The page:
The Steel Road to Touchstone


The Steel Road to Touchstone

Thoughts, contemplations, and excitement about the upcoming "Jewelry Fabrication in Steel" course with Sharon Massey at Touchstone Center for Crafts.

Members: 23
Latest Activity: Aug 14, 2015

Thank you to Touchstone for offering me the opportunity to study “Jewelry Fabrication in Steel” with Sharon Massey this May. I am eagerly anticipating learning how to work with a material that will find a friendly home amongst my architectonic design aesthetics.

Steel is a relatively new material for me. I have worked briefly with it in the past as a component in different jewelry designs, but never as the main focus of the work. With the workshop fast approaching, I decided I need to dig into what steel is, what it is to me, and the significance it holds for the studio craft community today. I hope to share my musings in the form of snippets of personal interest and inspirational craftspeople as I strive to delve into the essence of the material.



Discussion Forum

Touchstone Wrap-Up: Thank You!

Started by Erin Knisley May 14, 2013. 0 Replies

As a retrospective on this past weekend, I want to thank everyone at Touchstone for such an amazing craft-filled getaway. Everything was absolutely wonderful. Thank you also to each of my classmates for all the advice and encouragement. I met so many beautiful people with such wonderful spirits and a deep-rooted vivacity for jewelry.  It brought an inspiring and lasting impression which made the weekend that much more memorable.The “Jewelry Fabrication in Steel” workshop with Sharon Massey was an unbelievable experience. Sharon is a phenomenal instructor with a definite ‘special something’ that all really good teachers have. I am truly blessed to have been able to meet her and I look forward to our future conservations and workshops in the future.I knew I was going to learn a lot over the course of the weekend, but I undoubtedly learned so much more than I could have imagined possible in such a short period of time. Not just about techniques, but about the empowerment of being part of…Continue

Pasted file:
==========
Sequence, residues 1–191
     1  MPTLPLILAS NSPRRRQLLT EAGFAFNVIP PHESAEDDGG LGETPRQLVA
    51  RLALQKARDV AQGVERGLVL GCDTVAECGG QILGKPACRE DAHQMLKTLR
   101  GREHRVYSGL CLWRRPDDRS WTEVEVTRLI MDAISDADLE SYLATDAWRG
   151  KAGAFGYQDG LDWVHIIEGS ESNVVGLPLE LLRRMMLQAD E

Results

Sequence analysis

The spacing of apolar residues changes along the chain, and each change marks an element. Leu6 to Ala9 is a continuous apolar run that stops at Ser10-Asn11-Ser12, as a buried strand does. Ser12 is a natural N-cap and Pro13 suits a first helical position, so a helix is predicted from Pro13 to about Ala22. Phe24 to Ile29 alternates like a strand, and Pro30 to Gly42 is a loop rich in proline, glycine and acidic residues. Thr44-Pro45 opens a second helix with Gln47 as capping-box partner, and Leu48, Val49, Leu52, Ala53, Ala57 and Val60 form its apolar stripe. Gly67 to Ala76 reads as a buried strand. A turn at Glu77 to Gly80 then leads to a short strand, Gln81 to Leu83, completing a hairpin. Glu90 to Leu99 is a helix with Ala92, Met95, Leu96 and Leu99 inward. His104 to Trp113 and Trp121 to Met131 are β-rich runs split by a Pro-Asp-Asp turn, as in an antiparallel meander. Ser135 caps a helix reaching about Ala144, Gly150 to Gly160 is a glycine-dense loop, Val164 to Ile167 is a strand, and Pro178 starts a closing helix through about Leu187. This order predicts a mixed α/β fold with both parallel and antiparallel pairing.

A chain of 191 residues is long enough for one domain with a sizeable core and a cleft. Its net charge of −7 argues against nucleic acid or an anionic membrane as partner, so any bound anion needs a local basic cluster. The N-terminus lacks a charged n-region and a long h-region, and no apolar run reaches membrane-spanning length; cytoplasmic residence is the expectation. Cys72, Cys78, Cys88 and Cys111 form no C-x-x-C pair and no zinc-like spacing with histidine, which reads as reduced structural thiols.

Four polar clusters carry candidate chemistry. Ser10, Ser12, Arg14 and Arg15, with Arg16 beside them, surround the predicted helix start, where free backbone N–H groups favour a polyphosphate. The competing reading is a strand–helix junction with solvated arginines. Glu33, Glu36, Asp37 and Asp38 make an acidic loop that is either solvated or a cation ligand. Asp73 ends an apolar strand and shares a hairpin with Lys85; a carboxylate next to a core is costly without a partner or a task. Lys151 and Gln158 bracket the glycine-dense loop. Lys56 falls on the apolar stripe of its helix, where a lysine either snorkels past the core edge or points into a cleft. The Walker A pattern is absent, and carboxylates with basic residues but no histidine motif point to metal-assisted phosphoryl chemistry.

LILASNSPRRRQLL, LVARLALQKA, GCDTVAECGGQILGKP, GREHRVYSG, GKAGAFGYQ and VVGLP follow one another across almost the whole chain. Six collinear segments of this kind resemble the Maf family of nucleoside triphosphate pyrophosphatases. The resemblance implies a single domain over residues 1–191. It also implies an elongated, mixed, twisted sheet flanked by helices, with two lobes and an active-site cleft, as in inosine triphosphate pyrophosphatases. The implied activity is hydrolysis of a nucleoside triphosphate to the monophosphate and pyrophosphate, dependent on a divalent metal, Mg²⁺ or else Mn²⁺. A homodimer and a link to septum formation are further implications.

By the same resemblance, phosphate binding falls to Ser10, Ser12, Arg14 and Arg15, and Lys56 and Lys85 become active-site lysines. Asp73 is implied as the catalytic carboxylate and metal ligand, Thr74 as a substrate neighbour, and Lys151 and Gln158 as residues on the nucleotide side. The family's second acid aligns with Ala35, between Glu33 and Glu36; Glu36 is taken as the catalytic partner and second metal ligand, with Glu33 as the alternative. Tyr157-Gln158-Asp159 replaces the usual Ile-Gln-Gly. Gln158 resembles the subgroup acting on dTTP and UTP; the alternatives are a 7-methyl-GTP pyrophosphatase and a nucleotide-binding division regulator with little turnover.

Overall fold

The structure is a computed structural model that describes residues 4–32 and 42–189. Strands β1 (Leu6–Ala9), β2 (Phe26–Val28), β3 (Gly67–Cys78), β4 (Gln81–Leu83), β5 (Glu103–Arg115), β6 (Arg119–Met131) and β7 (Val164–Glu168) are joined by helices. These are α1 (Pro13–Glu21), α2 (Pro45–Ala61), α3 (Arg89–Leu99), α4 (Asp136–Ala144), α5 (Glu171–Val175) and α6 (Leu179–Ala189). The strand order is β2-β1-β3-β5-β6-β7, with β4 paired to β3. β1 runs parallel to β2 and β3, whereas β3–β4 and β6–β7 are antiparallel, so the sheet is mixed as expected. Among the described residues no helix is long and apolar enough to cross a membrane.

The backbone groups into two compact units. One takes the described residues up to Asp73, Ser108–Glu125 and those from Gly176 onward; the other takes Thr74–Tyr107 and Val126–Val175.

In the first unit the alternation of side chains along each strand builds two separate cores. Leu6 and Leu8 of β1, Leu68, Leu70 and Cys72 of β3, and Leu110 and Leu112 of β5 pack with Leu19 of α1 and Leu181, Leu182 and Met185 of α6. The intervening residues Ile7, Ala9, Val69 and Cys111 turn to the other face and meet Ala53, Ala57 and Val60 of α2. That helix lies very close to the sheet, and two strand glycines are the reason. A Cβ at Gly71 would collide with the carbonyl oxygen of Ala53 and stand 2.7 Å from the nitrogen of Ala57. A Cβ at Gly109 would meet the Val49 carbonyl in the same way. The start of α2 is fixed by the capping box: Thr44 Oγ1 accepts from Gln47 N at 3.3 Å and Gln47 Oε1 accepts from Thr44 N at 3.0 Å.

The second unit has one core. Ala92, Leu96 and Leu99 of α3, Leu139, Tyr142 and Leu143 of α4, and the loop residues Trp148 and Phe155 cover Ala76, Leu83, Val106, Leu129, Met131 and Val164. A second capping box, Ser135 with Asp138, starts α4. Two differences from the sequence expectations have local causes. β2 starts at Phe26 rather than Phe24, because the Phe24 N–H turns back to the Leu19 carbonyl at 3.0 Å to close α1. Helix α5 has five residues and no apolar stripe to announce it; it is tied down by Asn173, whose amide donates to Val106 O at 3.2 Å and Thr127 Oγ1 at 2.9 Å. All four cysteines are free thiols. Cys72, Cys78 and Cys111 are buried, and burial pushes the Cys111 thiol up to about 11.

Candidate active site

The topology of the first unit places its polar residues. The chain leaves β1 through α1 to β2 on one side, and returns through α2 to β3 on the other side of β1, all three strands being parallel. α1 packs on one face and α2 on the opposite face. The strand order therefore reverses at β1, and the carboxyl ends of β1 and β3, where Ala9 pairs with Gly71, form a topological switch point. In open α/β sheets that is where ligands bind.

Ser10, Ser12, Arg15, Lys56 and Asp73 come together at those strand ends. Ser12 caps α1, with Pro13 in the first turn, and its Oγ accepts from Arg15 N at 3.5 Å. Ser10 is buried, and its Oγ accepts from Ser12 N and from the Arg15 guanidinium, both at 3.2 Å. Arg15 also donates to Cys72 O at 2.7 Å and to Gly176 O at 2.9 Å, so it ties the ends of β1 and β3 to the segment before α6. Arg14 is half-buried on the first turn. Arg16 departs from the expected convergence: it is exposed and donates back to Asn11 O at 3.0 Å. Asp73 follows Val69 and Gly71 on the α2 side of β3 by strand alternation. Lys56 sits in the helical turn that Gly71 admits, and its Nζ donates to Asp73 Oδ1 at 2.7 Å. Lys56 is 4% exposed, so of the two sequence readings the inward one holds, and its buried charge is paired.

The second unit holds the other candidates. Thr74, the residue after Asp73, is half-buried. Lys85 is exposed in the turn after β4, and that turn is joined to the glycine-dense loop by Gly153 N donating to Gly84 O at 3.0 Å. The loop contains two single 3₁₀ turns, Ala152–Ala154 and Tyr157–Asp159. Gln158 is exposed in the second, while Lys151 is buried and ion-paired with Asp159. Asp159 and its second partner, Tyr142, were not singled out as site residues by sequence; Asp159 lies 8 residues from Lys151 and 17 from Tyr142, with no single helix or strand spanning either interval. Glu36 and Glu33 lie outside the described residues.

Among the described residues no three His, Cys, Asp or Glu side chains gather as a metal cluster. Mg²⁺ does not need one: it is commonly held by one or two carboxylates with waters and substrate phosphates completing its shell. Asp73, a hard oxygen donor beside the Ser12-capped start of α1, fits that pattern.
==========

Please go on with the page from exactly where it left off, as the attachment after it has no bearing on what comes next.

Sharon Massey: Day 2

Started by Erin Knisley May 13, 2013. 0 Replies

Today was the second (and sadly final) day of the “Jewelry Fabrication in Steel” weekend workshop with Sharon Massey at Touchstone. I spent the morning finishing up my hollow enclosed sample, etching a few more pieces, and dapping to get a feel for forming steel. I also finished up my brooch form by giving it a three dimensional lift and, this time, I was much more successful on my first soldering attempts of the day. Once the brooch was finished (sans pin backs), I felt even more excited (if that was possible) at having constructed my first full steel piece!In the afternoon, we decided to have some fun with finishing and Sharon brought out a bottle of black tool dip (Plasti-Dip). Using scrap and sample pieces that she assembled for us, the class took a little fieldtrip outdoors to dip the pieces and hang them to dry. It made a dripping little collection of gothic jewelry…Continue